The value of large-scale datasets – stemming from IoT sensors, end-user and business transactions, social networks, search engine logs, etc. – apparently lies in the patterns buried deep inside them. Being able to identify these patterns, analyzing them is vital. Be it for detecting fraud, determining a new customer segment or predicting a trend. As we’re moving from the billions to trillions of records (or: from the terabyte to peta- and exabyte scale) the more ‘traditional’ methods, including MapReduce seem to have reached the end of their capabilities. The question is: what now?
But a second issue has to be addressed as well: in contrast to what current large-scale data processing solutions provide for in batch-mode (arbitrarily but in line with the state-of-the-art defined as any query that takes longer than 10 sec to execute) the need for interactive analysis increases. Complementary, visual analytics may or may not be helpful but come with their own set of challenges.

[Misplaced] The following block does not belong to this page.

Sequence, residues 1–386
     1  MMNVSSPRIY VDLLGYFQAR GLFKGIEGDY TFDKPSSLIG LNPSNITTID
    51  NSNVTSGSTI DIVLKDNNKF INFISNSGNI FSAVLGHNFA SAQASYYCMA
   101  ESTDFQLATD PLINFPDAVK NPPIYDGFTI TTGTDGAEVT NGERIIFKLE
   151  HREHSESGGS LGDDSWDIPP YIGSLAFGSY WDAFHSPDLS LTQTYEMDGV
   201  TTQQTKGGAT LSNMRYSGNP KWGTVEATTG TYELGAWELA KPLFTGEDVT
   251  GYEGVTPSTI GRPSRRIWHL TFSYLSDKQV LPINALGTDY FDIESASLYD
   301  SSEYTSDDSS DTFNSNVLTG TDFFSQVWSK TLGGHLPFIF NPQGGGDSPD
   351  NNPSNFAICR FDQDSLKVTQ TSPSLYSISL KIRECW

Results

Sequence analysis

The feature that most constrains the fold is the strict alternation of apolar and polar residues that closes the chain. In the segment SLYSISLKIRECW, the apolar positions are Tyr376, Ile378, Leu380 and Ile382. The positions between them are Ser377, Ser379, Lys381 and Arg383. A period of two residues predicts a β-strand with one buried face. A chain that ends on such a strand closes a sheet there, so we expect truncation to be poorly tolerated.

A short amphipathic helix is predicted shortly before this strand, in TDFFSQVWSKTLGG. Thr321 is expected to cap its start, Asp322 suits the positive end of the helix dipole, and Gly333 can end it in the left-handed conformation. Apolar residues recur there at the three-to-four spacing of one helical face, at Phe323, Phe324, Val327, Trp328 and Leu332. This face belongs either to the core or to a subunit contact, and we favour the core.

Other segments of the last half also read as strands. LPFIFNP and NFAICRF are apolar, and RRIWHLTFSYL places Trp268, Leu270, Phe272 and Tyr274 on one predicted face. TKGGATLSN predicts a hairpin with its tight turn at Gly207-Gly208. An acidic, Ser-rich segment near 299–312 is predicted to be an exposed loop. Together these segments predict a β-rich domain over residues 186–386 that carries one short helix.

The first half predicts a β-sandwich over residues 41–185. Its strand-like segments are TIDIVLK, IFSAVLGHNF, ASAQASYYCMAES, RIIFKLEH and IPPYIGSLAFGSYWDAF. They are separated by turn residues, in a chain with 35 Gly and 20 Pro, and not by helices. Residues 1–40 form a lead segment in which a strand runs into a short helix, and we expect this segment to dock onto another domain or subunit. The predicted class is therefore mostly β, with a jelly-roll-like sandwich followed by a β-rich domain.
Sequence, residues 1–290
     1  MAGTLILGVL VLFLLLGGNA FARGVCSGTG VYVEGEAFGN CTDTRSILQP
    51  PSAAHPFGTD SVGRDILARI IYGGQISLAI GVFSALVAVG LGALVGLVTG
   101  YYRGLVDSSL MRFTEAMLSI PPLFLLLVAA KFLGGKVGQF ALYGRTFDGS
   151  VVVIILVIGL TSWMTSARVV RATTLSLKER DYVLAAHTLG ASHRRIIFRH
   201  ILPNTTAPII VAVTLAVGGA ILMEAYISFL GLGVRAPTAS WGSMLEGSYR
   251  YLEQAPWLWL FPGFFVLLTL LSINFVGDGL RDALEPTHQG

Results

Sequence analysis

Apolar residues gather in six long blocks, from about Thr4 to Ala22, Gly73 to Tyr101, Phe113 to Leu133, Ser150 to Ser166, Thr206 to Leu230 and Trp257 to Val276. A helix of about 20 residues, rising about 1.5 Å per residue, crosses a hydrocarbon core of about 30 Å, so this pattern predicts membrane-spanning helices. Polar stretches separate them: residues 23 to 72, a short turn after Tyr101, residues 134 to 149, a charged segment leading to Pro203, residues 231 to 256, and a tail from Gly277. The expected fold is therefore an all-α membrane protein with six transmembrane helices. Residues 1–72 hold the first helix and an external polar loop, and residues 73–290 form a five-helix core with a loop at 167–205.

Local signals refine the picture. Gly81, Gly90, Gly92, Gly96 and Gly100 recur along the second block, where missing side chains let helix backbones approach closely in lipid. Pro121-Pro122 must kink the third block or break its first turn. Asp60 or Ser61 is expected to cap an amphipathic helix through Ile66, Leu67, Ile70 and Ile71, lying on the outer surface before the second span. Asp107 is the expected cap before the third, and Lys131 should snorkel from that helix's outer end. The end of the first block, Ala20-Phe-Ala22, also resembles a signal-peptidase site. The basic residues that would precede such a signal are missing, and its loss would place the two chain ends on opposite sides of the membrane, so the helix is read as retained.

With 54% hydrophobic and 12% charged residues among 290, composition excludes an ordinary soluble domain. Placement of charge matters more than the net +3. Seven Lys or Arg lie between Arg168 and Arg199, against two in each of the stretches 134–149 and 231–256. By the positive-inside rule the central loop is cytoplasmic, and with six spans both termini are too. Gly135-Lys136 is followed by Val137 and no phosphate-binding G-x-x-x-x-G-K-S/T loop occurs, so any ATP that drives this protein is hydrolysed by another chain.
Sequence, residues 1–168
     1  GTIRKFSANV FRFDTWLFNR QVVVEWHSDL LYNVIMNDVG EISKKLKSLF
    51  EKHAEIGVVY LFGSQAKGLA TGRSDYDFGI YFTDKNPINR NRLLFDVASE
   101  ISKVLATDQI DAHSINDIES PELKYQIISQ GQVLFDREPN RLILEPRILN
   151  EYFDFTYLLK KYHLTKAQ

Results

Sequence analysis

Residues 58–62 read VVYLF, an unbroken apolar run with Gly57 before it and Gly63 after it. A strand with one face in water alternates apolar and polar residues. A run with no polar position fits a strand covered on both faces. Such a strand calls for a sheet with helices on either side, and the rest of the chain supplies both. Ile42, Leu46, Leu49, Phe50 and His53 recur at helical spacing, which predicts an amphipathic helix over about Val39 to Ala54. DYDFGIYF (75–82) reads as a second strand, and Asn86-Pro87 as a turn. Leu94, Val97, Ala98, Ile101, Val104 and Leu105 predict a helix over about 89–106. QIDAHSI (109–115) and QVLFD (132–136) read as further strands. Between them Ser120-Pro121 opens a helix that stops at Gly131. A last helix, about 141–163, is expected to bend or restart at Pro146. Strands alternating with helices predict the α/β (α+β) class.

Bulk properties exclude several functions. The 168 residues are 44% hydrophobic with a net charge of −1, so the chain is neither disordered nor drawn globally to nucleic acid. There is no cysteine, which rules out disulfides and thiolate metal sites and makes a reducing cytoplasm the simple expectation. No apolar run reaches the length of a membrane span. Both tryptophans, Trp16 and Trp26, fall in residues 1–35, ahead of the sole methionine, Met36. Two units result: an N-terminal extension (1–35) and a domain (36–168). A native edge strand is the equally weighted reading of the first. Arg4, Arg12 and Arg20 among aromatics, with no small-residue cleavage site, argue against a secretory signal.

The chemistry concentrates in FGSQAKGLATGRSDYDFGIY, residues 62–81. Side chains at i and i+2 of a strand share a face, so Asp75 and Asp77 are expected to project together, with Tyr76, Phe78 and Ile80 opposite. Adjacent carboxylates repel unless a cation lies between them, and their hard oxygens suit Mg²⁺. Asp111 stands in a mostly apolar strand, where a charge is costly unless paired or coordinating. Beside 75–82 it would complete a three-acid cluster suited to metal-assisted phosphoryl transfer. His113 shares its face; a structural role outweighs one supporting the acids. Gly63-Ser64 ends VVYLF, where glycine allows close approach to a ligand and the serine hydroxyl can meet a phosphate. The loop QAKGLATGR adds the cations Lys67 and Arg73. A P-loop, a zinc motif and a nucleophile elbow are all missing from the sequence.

Recently, a proposal for a new Apache Incubator group called Drill has been made. This group aims at building a:
… distributed system for interactive analysis of large-scale datasets [...] It is a design goal to scale to 10,000 servers or more and to be able to process petabyes of data and trillions of records in seconds.
Drill’s design is supposed to be informed by Google’s Dremel and wants to efficiently process nested data (think: Protocol Buffers). You can learn more about requirements and design considerations from Tomer Shiran’s slide set.
In order to better understand where Drill fits in in the overall picture, have a look at the following (admittedly naïve) plot that tries to place it in relation to well-known and deployed data processing systems: